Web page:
5 Tips for Boosting Your Secondary Revenue Streams & Profit Margins
With heightened customer expectations and the rise of online shopping hitting the high street hard, retailers need to think differently about how they tackle profitability.
Successful in the airline industry, ancillary revenue, known as secondary revenue streams in the retail environment, can help to supplement profit margins. Here Richard Piper, Director at Webloyalty, provides Total Business with several tips on boosting your secondary revenue streams and profit margins.
According to our Beyond the Core II research, secondary revenue is now used by 46% of retailers to generate at least 10% of their annual turnover. But just how can retailers really maximise the opportunity that these additional income streams present?
Gain senior level support
For new initiatives, it’s important to have the support and backing of the business’ senior management. Third party experts can also share case studies and insight into how diversifying income streams can provide a valuable return on investment. In fact, according to our research, 37% of retailers adopted secondary revenue streams because of greater awareness of secondary or non-core, revenue streams and 21% because of evidence of success from other businesses.
Develop a dedicated secondary revenue strategy
Research into the adoption of secondary revenue streams across the industry has found that retailers with a secondary revenue strategy or manifesto see increased profit margins – with three quarters reporting greater profit margins over the past two years. However, a strategic approach was only found in four in 10 of businesses with a turnover of 100k and half of businesses with a turnover of more than 10m. The bigger retail players are reaping the benefits of additional revenue streams, but there is more that all businesses can do – if they have a dedicated manifesto.
Clearly define ownership
Secondary revenue can fall within the remit of several different departments, including marketing, finance and sales. By establishing who takes ownership of secondary revenue streams and their success, the strategy becomes significantly easier to implement and manage.
Outsource to the experts
There has been an increasing trend of outsourcing to third-parties; this can easily be seen with delivery, logistics and social media management. This trend has now moved into profitability, with the potential of outsourcing a boost for profit margins. Businesses can’t expect to have all the knowledge in house, so outsourcing to third party experts can open companies up to extensive specific skill sets, for example with affiliate marketing. By tapping into a wider ecosystem, this can also free up employees to add-value elsewhere in the company.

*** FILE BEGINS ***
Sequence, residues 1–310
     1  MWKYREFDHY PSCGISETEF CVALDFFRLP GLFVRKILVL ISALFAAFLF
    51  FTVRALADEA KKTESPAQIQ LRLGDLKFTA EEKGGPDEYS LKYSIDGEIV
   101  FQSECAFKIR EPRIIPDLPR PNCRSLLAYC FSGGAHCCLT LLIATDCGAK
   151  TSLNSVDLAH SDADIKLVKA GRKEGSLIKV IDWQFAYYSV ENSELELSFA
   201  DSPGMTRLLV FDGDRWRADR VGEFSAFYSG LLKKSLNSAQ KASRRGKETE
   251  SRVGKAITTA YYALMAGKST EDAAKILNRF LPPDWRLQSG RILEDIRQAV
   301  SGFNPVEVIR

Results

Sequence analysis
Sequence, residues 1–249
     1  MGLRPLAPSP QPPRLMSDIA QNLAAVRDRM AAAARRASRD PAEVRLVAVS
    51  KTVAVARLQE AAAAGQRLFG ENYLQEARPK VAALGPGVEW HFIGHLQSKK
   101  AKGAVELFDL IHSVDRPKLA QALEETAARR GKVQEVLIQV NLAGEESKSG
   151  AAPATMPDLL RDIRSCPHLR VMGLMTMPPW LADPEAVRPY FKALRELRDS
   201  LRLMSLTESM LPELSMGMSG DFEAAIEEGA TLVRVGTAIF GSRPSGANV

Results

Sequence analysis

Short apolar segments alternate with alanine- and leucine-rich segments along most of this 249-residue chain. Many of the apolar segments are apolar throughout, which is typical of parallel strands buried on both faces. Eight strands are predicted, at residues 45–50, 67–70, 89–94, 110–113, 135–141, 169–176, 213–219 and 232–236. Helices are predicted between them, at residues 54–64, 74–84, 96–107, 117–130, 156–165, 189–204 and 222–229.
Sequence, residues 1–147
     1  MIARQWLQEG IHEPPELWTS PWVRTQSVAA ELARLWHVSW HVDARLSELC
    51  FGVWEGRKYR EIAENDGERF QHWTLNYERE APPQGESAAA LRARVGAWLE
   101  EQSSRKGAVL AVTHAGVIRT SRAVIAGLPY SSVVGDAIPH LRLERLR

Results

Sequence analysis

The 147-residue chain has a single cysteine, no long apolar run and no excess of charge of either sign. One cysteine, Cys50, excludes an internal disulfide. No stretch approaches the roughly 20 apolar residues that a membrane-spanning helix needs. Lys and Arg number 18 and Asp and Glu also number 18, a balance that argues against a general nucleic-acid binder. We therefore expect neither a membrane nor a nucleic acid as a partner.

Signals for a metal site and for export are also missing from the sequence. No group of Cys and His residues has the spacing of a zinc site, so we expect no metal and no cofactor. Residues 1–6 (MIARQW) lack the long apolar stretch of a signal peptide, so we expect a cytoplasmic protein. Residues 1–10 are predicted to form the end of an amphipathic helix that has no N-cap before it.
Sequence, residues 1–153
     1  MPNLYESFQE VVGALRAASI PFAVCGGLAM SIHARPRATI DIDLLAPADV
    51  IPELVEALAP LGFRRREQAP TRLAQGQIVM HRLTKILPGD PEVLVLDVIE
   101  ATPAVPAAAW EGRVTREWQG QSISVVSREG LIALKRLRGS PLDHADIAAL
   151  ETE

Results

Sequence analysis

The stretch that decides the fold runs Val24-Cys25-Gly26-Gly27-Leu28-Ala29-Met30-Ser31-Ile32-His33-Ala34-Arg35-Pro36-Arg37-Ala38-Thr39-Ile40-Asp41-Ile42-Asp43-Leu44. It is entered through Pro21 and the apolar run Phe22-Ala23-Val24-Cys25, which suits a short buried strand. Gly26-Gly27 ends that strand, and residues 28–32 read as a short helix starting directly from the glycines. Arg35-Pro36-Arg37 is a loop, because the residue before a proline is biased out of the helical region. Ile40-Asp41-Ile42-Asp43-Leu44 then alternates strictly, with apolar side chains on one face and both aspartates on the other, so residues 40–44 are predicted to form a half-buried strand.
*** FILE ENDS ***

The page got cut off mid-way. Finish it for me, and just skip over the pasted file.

Speaking about the benefits of working with a third party secondary revenue provider, Vinay Parmar, Customer & Digital Experience Director, National Express, says ““We are low cost travel. Our customer base use coach and bus for a specific reason, it fits their wallet size. So, adding third party products that meet that same demographic is key.” Harness the benefits a third-party secondary revenue provider can bring you, and you’ll reap the benefits without having to dedicate a whole internal team to oversee the project.
Monitor and evaluate
We all know that one of the most important tips for running any effective campaign is to monitor and evaluate to ensure each is optimised for its target audience and offers the highest engagement possible.
Taking measurement a step further, secondary revenue strategies play such a substantial and positive role in bolstering profits that, in my view, the profits need to be listed on a business’s financial reports in the same way airlines report on their ancillary revenue profits. This will ultimately help show its importance and value to the company.
Secondary revenue strategies are no longer just a ‘nice to have’ but are a necessity to survive in the current retail environment, helping to boost the bottom line beyond profit margins alone. Those businesses that diversify will weather the storm and future-proof their business for years to come.